77096
Christine Lagarde
World Economy

IMF Approves 2-Year $88b Credit Line for Mexico

The Executive Board of the International Monetary Fund Thursday approved a successor two-year arrangement for Mexico under the Flexible Credit Line in an amount equivalent to $88 billion and canceled the previous arrangement in the same amount. The Mexican authorities stated their intention to treat the arrangement as precautionary.
The FCL was established on March 24, 2009 as part of a major reform of the fund’s lending framework. The FCL is designed for crisis prevention purposes as it provides the flexibility to draw on the credit line at any time, imf.org reported.
Disbursements are not phased nor conditioned on compliance with policy targets as in traditional IMF-supported programs. This flexible access is justified by the very strong track records of countries that qualify for the FCL, which gives confidence that their economic policies will remain strong.
While Mexico’s economy has proven resilient, the credit line “will continue to play an important role in supporting the authorities’ macroeconomic strategy by providing insurance against external risks and bolstering market confidence,” IMF Managing Director Christine Lagarde said in a statement.
“The Mexican economy has successfully navigated a complex external environment. Economic activity has shown resilience, although near-term growth is projected to slow down amid prolonged uncertainty related to Mexico’s future trade relations, as well as tighter macroeconomic policies. Inflation has started to decelerate following a pick-up owing to temporary shocks, and the financial system is sound. Nevertheless, given Mexico’s close ties with the global economy, particularly the United States, its economy remains exposed to external risks through both trade and financial channels.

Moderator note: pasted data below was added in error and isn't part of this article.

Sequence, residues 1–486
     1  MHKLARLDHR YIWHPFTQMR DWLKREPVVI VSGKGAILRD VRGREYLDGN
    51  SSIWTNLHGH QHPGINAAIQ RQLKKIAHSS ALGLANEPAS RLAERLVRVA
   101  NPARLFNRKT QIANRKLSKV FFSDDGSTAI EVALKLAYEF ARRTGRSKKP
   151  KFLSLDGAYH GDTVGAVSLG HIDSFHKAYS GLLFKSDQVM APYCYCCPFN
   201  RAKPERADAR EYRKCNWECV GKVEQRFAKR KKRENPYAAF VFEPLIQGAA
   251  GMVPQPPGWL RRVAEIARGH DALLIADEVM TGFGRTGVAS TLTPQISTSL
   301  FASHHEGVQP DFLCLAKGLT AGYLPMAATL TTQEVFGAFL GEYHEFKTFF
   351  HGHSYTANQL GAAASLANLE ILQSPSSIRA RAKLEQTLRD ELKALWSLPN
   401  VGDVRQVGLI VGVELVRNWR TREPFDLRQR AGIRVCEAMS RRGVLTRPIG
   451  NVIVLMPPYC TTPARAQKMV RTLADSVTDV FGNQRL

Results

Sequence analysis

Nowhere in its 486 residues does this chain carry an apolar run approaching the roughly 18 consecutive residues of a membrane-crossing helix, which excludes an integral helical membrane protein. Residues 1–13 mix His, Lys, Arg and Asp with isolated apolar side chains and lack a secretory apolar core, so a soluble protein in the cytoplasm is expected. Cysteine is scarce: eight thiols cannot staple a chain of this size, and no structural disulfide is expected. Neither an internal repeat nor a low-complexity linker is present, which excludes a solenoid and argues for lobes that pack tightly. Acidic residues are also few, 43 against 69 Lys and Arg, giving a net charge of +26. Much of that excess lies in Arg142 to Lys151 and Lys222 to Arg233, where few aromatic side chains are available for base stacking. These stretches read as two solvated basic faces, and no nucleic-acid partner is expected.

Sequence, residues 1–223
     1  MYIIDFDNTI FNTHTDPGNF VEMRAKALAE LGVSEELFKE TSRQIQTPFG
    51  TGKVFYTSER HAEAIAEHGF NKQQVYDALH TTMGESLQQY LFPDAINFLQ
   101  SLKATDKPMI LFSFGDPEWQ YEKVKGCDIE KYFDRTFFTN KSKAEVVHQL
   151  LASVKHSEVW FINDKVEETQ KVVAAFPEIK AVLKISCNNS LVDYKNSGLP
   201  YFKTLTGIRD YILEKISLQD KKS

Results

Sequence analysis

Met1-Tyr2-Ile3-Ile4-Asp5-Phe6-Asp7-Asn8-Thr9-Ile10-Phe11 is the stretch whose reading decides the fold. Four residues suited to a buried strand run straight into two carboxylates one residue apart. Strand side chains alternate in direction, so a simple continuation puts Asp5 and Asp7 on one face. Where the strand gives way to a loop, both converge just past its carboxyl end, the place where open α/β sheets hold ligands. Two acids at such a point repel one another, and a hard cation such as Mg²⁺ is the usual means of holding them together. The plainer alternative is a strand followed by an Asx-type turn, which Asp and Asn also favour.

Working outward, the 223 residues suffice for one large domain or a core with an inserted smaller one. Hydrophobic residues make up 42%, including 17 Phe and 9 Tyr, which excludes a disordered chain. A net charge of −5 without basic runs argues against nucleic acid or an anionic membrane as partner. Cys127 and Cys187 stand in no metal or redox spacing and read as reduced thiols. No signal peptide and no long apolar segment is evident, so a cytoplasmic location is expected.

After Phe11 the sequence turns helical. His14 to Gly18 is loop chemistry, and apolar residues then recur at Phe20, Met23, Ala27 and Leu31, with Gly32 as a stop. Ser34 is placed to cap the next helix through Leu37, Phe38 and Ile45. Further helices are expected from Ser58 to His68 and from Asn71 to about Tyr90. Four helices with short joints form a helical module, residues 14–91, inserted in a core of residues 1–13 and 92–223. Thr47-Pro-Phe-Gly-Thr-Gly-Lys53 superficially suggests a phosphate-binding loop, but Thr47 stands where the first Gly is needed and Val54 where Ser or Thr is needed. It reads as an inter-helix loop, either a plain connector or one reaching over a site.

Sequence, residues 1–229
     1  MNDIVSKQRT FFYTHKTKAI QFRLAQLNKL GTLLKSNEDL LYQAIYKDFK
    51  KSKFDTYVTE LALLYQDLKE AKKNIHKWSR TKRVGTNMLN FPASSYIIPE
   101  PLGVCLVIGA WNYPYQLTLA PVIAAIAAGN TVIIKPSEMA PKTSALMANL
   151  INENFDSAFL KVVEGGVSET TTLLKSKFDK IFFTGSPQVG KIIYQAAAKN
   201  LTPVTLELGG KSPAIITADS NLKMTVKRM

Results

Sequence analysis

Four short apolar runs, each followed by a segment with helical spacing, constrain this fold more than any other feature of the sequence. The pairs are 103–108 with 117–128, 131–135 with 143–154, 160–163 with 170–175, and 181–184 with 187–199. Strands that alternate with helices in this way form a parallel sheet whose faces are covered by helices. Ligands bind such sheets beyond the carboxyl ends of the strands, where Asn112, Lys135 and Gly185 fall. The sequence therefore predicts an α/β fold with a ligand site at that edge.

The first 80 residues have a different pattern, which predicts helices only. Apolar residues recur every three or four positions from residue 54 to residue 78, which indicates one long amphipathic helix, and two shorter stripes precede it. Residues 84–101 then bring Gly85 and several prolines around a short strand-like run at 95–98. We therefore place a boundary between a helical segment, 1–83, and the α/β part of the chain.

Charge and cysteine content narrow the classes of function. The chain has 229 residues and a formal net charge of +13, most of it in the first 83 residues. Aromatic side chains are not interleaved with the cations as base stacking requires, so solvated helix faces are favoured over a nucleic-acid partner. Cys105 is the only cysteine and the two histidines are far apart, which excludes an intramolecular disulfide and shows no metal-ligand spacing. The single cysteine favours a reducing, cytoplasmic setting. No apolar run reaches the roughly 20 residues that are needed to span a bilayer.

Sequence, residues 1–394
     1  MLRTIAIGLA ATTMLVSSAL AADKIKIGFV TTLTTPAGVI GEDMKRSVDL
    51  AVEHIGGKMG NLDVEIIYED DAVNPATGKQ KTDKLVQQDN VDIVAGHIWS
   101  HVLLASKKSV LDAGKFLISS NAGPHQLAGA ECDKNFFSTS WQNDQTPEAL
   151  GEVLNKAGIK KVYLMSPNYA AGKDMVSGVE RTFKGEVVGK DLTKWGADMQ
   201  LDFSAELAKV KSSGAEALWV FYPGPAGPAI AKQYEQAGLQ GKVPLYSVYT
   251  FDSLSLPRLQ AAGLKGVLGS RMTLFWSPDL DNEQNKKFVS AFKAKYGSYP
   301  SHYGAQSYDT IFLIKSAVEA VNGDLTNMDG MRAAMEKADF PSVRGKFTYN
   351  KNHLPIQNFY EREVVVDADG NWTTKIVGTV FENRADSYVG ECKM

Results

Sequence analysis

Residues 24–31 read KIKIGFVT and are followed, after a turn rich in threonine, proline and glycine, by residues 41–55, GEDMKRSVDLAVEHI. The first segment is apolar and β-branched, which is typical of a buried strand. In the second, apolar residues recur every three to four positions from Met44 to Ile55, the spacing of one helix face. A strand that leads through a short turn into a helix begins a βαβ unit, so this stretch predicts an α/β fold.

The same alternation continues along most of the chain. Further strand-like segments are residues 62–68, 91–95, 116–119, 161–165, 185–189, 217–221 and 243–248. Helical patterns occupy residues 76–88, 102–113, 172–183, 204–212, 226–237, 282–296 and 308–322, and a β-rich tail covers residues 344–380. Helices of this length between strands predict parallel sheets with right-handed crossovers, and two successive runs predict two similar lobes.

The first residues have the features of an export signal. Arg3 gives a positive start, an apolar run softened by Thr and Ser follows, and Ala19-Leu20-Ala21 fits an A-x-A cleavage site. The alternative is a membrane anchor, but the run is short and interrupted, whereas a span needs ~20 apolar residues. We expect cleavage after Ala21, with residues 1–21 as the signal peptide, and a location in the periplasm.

“The global risk environment has improved, but the risk of an abrupt change in Mexico’s trade relations, or of a surge in financial market volatility and a sharp pull-back of capital from emerging markets, continues to be high. The new arrangement under the Flexible Credit Line,  with an unchanged level of access, will continue to play an important role in supporting the authorities’ macroeconomic strategy by providing insurance against external risks and bolstering market confidence.
“The authorities remain committed to enhancing Mexico’s resilience to external shocks further through steadfast implementation of the ongoing fiscal consolidation plans, continued anchoring of inflation expectations, gradual rebuilding of reserve buffers, strong oversight of the domestic financial system, and steadfast implementation of structural reforms.
“The authorities do not intend to make permanent use of the FCL, and will continue to treat the arrangement as precautionary. They intend to gradually phase out Mexico’s use of the facility, conditional on a reduction in external risks affecting Mexico.”

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